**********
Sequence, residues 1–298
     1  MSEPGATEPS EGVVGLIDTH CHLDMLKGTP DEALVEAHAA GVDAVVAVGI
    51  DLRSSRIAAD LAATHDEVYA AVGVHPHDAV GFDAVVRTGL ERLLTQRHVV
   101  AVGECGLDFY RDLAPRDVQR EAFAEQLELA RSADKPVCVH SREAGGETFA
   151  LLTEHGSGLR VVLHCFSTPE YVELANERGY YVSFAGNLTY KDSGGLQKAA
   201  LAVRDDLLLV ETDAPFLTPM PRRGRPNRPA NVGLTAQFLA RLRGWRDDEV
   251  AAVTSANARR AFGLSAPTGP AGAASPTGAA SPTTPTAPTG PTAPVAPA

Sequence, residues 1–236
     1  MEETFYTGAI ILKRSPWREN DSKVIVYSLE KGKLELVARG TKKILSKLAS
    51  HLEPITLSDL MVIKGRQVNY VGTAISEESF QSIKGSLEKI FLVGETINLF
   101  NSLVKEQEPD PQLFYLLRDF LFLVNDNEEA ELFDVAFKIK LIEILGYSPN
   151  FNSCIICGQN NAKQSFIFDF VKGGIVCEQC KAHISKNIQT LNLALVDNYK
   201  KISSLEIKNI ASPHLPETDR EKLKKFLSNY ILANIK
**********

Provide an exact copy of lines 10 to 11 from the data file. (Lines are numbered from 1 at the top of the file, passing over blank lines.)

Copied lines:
    51  HLEPITLSDL MVIKGRQVNY VGTAISEESF QSIKGSLEKI FLVGETINLF
   101  NSLVKEQEPD PQLFYLLRDF LFLVNDNEEA ELFDVAFKIK LIEILGYSPN